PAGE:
IN MASSACHUSETTS, a doctor who diagnoses someone with pneumonia has to send the patient off to a pharmacy to fill a prescription for antibiotics. In most other states, the doctor can dispense the prescription right in the office, saving the patient time and money.

“Part of the reason drugs cost so much is that middlemen — commercial pharmacies and pharmacy benefit managers—add substantial costs over wholesale prices,” according to a new report from the free-market think tank Pioneer Institute. “Allowing prescribers to dispense routine drugs — often at a fraction of the price — would give patients a more affordable option. As a policy matter, this is low-hanging fruit in Massachusetts’ quest to reduce prices and increase access to care.”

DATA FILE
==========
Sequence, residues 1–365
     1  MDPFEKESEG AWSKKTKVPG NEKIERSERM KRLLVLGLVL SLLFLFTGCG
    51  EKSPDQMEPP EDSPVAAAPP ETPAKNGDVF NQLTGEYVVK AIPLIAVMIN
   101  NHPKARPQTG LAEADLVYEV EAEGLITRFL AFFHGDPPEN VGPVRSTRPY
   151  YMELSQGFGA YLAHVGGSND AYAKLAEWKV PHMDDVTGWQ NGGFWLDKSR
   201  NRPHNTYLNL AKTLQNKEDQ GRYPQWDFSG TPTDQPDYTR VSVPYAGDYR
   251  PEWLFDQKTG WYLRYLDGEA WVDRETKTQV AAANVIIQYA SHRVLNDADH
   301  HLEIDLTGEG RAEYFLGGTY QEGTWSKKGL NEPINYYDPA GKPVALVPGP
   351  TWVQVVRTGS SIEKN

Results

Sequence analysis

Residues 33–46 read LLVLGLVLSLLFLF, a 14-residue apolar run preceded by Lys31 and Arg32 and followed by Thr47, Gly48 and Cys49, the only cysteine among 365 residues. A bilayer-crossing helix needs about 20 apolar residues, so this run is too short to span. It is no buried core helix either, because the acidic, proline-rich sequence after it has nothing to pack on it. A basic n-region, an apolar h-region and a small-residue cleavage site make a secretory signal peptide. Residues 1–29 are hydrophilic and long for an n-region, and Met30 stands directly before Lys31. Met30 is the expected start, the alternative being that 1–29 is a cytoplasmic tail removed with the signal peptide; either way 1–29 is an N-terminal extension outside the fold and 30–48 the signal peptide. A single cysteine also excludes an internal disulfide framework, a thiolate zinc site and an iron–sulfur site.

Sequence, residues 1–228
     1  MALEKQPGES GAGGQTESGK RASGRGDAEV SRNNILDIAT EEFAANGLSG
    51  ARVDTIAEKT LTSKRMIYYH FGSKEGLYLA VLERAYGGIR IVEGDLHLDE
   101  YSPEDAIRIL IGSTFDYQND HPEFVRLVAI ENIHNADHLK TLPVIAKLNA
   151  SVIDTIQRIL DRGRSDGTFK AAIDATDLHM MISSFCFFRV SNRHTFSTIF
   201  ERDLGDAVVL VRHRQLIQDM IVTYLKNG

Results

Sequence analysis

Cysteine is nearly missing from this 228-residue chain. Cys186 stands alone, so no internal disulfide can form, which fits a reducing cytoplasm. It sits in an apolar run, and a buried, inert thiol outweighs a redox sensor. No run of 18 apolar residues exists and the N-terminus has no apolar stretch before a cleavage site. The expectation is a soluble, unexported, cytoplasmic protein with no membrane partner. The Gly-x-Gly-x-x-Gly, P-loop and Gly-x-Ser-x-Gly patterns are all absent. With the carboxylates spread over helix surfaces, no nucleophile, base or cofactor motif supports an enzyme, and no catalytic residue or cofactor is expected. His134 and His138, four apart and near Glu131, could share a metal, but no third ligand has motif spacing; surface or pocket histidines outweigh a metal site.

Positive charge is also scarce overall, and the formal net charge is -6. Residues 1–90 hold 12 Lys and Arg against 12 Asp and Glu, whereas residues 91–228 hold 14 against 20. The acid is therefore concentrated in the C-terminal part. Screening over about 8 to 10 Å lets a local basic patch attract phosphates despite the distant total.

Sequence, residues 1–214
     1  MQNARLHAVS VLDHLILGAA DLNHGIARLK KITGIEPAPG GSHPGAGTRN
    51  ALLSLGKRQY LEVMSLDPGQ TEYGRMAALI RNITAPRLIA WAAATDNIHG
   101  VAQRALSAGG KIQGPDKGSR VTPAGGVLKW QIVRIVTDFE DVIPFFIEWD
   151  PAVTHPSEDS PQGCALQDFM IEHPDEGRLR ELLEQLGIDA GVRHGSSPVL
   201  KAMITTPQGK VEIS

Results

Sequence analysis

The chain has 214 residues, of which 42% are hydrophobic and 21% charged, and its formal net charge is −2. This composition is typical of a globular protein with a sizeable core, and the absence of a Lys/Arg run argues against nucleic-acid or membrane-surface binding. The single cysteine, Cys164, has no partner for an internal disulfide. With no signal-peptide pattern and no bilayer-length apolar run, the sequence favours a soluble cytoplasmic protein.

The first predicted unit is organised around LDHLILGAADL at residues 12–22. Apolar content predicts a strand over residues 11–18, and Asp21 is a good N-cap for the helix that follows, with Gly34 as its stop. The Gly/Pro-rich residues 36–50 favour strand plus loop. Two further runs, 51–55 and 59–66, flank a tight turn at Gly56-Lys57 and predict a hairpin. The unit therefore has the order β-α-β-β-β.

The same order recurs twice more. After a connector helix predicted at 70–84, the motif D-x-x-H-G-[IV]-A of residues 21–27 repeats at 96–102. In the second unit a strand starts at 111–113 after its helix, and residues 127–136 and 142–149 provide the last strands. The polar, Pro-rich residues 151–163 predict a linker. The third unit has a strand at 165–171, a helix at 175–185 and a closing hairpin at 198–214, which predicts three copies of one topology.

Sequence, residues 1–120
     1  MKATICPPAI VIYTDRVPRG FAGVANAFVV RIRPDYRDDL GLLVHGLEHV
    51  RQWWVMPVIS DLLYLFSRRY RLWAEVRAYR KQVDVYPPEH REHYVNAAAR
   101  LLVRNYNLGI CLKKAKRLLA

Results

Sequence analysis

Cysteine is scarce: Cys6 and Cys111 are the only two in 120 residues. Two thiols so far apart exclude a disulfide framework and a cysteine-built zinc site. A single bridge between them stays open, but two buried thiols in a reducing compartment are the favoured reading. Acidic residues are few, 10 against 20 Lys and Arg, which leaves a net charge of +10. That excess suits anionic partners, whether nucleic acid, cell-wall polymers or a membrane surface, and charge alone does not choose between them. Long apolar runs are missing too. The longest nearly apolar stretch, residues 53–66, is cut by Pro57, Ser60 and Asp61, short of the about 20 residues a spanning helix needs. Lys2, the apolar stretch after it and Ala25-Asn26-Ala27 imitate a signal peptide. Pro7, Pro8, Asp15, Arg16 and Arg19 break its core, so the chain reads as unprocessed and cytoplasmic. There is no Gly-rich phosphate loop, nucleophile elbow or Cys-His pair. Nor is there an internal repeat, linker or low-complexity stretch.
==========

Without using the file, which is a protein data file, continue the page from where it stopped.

The advocacy group Health Care For All said it does not have a position on the direct dispensing question. “Changes that make care and medications more easily available also have to consider potential impacts on safety and costs,” the organization said in a statement. “What is needed more broadly is for stakeholders to come together to consider ways to make prescription medications more affordable by eliminating and reducing co-pays for widely used chronic condition medications, and reviewing and reining in the cost of the most expensive prescription drugs.”

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